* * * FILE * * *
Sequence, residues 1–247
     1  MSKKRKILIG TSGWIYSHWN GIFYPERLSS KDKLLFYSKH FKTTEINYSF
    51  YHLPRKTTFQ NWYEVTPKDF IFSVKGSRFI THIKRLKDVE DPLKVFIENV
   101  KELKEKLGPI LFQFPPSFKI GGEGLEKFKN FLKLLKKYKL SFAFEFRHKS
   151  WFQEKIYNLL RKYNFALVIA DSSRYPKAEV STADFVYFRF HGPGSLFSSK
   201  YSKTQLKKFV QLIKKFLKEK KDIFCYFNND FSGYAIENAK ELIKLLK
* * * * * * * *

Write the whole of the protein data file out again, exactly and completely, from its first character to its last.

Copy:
Sequence, residues 1–247
     1  MSKKRKILIG TSGWIYSHWN GIFYPERLSS KDKLLFYSKH FKTTEINYSF
    51  YHLPRKTTFQ NWYEVTPKDF IFSVKGSRFI THIKRLKDVE DPLKVFIENV
   101  KELKEKLGPI LFQFPPSFKI GGEGLEKFKN FLKLLKKYKL SFAFEFRHKS
   151  WFQEKIYNLL RKYNFALVIA DSSRYPKAEV STADFVYFRF HGPGSLFSSK
   201  YSKTQLKKFV QLIKKFLKEK KDIFCYFNND FSGYAIENAK ELIKLLK